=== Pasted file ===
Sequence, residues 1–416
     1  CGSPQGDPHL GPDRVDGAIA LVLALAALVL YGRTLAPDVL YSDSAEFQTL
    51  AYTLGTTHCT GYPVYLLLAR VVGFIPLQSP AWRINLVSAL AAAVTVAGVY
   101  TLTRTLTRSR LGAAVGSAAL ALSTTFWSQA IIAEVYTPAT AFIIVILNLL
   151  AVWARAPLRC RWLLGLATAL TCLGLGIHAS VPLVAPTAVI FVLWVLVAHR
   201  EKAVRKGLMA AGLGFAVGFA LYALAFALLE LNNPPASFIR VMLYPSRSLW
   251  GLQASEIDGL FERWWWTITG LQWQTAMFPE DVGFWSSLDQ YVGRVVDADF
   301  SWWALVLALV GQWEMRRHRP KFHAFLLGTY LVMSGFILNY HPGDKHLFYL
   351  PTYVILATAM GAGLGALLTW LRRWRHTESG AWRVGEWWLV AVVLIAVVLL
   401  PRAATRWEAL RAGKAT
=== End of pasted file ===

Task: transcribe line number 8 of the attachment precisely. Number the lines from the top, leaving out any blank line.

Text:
   301  SWWALVLALV GQWEMRRHRP KFHAFLLGTY LVMSGFILNY HPGDKHLFYL